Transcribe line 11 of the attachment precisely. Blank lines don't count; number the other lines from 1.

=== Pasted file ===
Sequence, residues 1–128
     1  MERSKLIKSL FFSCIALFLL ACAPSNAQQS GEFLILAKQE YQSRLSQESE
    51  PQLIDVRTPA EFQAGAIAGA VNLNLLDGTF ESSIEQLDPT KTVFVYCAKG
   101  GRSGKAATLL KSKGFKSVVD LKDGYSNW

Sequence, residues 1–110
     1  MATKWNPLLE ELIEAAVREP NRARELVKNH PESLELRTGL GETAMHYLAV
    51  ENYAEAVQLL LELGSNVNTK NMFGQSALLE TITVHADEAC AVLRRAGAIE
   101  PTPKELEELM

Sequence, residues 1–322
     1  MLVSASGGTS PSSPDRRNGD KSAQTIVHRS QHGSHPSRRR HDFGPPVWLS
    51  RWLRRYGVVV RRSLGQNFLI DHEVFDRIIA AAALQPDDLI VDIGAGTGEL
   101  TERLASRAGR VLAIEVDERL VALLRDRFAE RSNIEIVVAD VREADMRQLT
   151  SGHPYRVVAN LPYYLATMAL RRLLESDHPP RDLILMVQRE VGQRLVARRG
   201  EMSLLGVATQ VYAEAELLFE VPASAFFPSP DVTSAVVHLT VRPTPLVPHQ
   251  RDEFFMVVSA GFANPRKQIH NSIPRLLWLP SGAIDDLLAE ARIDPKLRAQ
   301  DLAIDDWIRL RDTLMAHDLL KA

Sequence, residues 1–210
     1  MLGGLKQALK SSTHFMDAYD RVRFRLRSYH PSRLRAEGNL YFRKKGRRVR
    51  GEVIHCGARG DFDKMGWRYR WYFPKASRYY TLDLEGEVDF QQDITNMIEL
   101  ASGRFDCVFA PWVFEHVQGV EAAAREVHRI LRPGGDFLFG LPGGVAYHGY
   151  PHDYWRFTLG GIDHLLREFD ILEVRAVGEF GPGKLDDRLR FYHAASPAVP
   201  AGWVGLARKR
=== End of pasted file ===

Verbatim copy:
    51  RWLRRYGVVV RRSLGQNFLI DHEVFDRIIA AAALQPDDLI VDIGAGTGEL